By Chuck Strouse
By Scott Fishman
By Terrence McCoy
By Ryan Yousefi
By Ciara LaVelle, Kat Bein, Carolina Del Busto, and Liz Tracy
By Pepe Billete
By Ryan Yousefi
By Kyle Swenson
Castro Is Bad, Not Cuba
Last Thursday my children called to tell me that I was featured in New Times ("Overthrow on the Radio," February 13). Later that day I saw myself in the photograph, but when I read Kathy Glasgow's article, I did not recognize myself or my friends from [the shortwave radio program] The Voice of the Resistance. I respect your right to see me as you see fit and to write as you feel. That right, the right to self-expression, is one of the motivating factors of my struggle.
In our brief conversation, I told Ms. Glasgow that the war in Cuba has not finished. That was the gist of our conversation. It has not finished because Castro betrayed the Cuban people -- abolishing rights, executing Cubans, and entrenching himself in power. I wonder what her life would have been like had she had been a Cuban who grew up under the system. She would see her parents whispering in fear, then falling silent when they saw her, for in Castro's Cuba, children are encouraged to squeal on their parents.
She would have to wear the red kerchief of the Cuban Youth, scream slogans, and ask for executions for "traitors." Perhaps she would have learned the reality of oppression and decided to struggle against it. For speaking out she would face prison and torture in the dungeons of state security, where an officer would warn her with sadistic smiles of all the dangers she would face if she continued her rebellion.
After the initial shock, she would be faced with doing nothing or struggling against the system and facing the consequences. Should she continue, she would find herself naked in a cold room without toilet facilities, with water up to her ankles, being told that she must sign a "confession" as a CIA agent or suffer the consequences of jail, torture, and anger that state security unleashes upon its prey. Worst of all, there would be the knowledge that she would face this alone, an individual against the system, a system entrenched in absolute power.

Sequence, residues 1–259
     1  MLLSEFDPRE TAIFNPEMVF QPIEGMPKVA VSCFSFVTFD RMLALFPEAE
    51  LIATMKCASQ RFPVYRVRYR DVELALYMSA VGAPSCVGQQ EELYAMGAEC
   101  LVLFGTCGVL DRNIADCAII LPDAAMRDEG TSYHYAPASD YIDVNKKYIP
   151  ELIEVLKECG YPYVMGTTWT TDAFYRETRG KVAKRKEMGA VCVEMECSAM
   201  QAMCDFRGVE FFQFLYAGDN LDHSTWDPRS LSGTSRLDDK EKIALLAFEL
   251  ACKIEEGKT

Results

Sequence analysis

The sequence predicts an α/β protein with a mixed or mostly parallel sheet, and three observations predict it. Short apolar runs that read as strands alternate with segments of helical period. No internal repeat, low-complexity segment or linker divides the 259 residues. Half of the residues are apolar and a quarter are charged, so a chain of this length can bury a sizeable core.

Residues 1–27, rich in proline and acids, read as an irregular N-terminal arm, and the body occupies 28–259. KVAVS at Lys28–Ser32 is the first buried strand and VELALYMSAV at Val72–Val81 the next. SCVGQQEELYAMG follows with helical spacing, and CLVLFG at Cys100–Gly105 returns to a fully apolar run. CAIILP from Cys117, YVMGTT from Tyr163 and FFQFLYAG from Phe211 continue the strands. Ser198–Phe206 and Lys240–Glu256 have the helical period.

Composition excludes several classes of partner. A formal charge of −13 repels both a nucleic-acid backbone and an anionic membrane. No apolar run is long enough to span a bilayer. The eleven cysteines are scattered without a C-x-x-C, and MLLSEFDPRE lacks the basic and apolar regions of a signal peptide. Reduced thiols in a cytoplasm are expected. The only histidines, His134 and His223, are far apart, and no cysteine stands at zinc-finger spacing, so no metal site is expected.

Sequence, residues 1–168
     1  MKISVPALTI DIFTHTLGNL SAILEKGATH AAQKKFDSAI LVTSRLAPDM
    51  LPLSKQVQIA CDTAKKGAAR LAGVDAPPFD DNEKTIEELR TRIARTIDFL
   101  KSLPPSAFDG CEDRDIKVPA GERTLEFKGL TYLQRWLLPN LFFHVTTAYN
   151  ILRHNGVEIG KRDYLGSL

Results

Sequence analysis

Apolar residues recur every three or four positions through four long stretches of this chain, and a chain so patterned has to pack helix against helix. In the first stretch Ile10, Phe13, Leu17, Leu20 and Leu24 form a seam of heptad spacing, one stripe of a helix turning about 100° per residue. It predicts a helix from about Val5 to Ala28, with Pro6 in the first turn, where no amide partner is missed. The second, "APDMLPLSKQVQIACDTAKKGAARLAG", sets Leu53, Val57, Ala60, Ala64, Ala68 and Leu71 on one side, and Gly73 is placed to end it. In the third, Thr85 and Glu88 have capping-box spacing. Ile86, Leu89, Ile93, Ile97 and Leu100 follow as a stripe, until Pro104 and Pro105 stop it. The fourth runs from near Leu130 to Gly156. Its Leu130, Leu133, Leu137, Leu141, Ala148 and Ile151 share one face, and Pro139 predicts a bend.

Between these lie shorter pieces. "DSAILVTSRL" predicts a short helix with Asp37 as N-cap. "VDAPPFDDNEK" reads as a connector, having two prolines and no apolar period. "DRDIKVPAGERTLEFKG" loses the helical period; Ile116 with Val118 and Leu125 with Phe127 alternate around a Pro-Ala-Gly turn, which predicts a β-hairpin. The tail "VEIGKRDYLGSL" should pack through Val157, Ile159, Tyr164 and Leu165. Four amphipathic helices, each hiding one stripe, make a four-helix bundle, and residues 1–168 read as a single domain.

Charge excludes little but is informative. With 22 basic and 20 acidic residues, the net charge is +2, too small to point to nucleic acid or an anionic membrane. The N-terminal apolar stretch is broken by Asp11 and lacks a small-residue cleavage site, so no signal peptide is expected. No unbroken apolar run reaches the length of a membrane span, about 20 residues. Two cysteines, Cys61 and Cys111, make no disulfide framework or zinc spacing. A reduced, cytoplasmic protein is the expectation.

I objected to the tone of the article because the subheadline stated, "With a vengeance born of extremists ...," giving the worst impression that we are irrational radicals bent on revenge. In reality, our programs stress the fact that we forgive the majority of the Cuban military and the political structure, holding only the Castro brothers and a small group of henchmen responsible for the present plight of our nation. We stress in all our programs that those learning our methods should apply them with care and not hurt civilians or innocent bystanders.
We do not want random destruction or acts of terrorism. We seek to mentally free those who are enslaved by the tremendous repressive machinery of the system. The robot zombies the system has attempted to create can only free themselves by standing up to that system, by acts of rebellion, by an individual choice of struggling for rights guaranteed by the United Nations. We advocate legitimate resistance that will paralyze the Cuban political and economic structure.
We see ourselves not as vengeful extremists but as Cubans who have suffered the pain of the system and who see resistance as the only solution against a totalitarian dictatorship. Were members of the French Resistance terrorists? Was Menachem Begin a revenge-oriented radical when he forged national pride in the creation of Israel? Was the Boston Tea Party an act of terrorism?